Local News

Raleigh woman accused of taking police officer's wallet

Posted October 8, 2012

— Police searched the residence Wednesday of a woman they say took the wallet of a police officer at a grocery store in September.

Raleigh police said Katherine Jean Hunter of High Grove Drive took the wallet of a police officer at the Food Lion at 3685 New Bern Ave. on Sept. 15. Police said the police officer left his wallet containing his police ID and badge on the counter, and Hunter, the next person in line, took the wallet and put it in her purse. Hunter then used a food stamp card to pay for her purchase.

The scene was recorded on surveillance cameras.

Police subpoenaed the information for the food stamp card used in that transaction, and the card was issued to Hunter. Police said they confirmed Hunter's identity with a DMV photo and footage from the surveillance camera.

Hunter told police the man working at the cash register took the wallet, and she did not touch it. 

No items were seized from Hunter's residence.


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  • OneLove Oct 10, 2012

    Showing up at someone's house to give them their wallet is creepy. If you find mine, please return it to the police...I'm sure I'll have canceled my cards and bump that cash.

  • diana123 Oct 10, 2012

    jeez, this is just too too much! well of course it is not at her residence, she got rid of it; it will never be seen again.
    this takes the cake.

  • shortcake53 Oct 10, 2012

    She must have no conscience at all to be able to see he was a police officer and steal his stuff anyway. Pure stupidity. She deserves whatever punishment they can hand her. Reminds me of the show where they purposely leave a car unattended with the keys inside just to see who will steal it. Cracks me up to see the dumbells who take it and then try to lie their way out when caught. Are people really that stupid??

  • sthiggs Oct 10, 2012

    TeresaBee- it's people like you that keep my faith in humanity!! I did something similar when I worked at the airport. Found ID and other items from a gentleman's wallet under the waiting area chair after a flight had left- he lived in Texas according to the drivers license. Put the items in an envelope, addressed to the address on the DL and sent it away with a note on where it was found. Never expecting to hear anything back- just did the right thing. A week later, a lovely card arrived from the guy and a $15 gift certificate to Starbucks. It's just as quick and easy to do the right thing as the wrong thing.


    dwntwnboy you are what is right with the world. May we all aspire to be more like your spirit of The Golden Rule.

  • sthiggs Oct 10, 2012

    Leaving a wallet behind could have happened to any of us. I am thankful that (because it was a cop) they were able to catch this thief. Not only was she a thief, she stole from a public servant. He sense of entitlement is deplorable. We as a society are feeding her so she can steal and distroy our trust in our fellow man.

  • BubbaDukeforPresident Oct 10, 2012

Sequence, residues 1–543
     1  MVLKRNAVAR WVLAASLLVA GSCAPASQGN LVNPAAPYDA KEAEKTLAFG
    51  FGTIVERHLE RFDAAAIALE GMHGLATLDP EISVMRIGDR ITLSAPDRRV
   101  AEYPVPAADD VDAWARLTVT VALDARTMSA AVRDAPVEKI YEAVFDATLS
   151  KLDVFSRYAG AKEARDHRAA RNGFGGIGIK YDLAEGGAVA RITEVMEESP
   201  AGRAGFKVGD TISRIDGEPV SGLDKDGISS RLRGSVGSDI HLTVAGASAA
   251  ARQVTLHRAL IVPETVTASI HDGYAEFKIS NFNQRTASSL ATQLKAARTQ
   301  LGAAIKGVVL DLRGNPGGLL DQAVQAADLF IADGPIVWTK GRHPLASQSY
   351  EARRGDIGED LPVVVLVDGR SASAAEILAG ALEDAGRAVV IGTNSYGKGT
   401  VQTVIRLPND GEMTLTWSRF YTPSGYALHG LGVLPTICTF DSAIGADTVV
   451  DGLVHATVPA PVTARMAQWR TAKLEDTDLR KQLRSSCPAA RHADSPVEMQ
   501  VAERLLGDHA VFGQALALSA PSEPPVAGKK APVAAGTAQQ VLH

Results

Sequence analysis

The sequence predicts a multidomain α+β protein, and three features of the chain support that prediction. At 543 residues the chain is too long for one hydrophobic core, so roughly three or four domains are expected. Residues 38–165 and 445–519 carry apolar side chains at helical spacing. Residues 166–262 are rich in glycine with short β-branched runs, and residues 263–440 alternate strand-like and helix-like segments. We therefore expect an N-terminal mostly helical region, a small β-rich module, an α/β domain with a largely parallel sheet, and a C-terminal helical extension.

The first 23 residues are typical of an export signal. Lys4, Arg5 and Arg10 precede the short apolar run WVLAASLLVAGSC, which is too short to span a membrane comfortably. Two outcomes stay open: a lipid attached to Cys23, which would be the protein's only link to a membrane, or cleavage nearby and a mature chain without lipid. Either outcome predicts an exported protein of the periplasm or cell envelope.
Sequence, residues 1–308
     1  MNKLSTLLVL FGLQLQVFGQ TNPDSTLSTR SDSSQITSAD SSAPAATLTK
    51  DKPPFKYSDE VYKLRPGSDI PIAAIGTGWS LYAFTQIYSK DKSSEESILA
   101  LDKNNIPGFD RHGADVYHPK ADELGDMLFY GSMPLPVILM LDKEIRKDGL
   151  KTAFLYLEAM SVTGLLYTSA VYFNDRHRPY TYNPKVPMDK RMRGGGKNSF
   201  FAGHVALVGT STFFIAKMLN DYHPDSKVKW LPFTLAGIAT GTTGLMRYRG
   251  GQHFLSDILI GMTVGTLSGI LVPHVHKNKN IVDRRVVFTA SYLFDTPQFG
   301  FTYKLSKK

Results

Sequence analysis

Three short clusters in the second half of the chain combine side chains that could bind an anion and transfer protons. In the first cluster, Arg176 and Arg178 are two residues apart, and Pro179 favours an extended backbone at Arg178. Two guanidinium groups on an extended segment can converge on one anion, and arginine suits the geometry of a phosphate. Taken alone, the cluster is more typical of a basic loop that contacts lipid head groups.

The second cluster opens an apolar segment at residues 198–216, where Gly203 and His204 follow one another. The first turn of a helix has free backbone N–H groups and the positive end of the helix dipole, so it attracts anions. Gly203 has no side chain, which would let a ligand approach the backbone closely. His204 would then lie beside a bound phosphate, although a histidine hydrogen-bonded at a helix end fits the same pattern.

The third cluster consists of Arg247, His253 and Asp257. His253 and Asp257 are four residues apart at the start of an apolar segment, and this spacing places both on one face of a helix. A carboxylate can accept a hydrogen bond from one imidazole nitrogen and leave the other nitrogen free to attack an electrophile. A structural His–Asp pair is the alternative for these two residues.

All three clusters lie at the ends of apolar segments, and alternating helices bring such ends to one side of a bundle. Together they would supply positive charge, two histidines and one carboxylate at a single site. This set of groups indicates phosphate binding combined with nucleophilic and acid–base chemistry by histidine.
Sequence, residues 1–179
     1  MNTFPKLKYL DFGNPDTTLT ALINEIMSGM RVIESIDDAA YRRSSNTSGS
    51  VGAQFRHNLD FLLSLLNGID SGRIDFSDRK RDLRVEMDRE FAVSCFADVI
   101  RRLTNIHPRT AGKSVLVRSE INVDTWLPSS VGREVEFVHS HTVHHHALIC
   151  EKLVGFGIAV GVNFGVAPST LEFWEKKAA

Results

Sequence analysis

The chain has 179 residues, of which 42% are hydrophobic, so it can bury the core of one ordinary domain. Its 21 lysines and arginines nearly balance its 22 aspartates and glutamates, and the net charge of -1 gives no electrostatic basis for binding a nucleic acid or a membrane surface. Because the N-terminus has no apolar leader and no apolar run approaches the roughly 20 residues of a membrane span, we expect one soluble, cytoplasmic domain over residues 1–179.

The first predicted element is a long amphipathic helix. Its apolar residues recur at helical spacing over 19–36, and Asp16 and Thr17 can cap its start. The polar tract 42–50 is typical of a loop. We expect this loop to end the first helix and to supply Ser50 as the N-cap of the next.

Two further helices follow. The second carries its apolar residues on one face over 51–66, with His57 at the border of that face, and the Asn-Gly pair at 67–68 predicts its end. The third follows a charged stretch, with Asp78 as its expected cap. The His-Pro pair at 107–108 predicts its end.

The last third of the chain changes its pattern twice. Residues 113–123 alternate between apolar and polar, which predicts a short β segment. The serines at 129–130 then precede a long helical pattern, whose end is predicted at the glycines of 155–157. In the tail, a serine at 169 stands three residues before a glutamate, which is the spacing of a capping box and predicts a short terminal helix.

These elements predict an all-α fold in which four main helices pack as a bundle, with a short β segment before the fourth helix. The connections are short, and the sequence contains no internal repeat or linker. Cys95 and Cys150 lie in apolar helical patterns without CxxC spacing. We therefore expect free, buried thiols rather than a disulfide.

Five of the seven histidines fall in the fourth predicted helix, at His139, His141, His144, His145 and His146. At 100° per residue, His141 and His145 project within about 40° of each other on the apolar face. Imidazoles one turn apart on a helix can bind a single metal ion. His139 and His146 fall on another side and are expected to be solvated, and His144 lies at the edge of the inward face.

Once she knew she had a cop's wallet, the smart thing to have done would have been to contact him and pretend she's returning it.

  • Dont playa hate- congratulate Oct 9, 2012

    They looked at a video and checked the name on the food stamps...What great lengths are you speaking of? I didnt read anything about these "Great lengths" you are talking about. No fingerprints, no aerial photography, no special forensics mentioned. ...And I knew it was a matter of time till someone bashed the cop for losing his wallet....geeeeeeeeez!!!

  • JDAmbrosio Oct 9, 2012

    So if some regular Joe left his wallet and ID there, nothing would have been done, yet they went to these lengths to catch this girl because it was a police officer?! Well shame on the officer for being so careless. I wonder if he's as careless with is GUN as his wallet and badge!? That's bull that such lengths were taken for a cop but they are NOT for regular people! Bull!

  • Dont playa hate- congratulate Oct 9, 2012

    "So did he get in trouble for losing his badge and ID? That would have been a great opportunity for someone to impersonate a officer! I hate a thief but I also don't like thinking we have irresponsible officers either".
    So if someone comes in your house and steals stuff, or opens your car door to remove your purse or laptop, should you get in trouble because you made the mistake of leaving your belongings in plain sight and/ or your doors unlocked? This crime was perpetrated by a thief, not the victim. I have read the posts about the fact that this was a LEO so the crime was solved. The bottom line is that there are crimes that do go unsolved; not because the police don't try, but because of the lack of leads. This happened to be caught on video and a lead was developed. I am sure the police treated this case like any other. Speaking of resources..lets go up on taxes to help the police. Really? And btw..WRAL made the decision to cover the story, not the police.

  • Juststatingthefacts Oct 9, 2012

    Not saying that it was right for her to do this because it most certainly was not, but I'm wondering if this would have been looked into as quickly and proficiently as it was if the victim wasn't a law enforcement officer?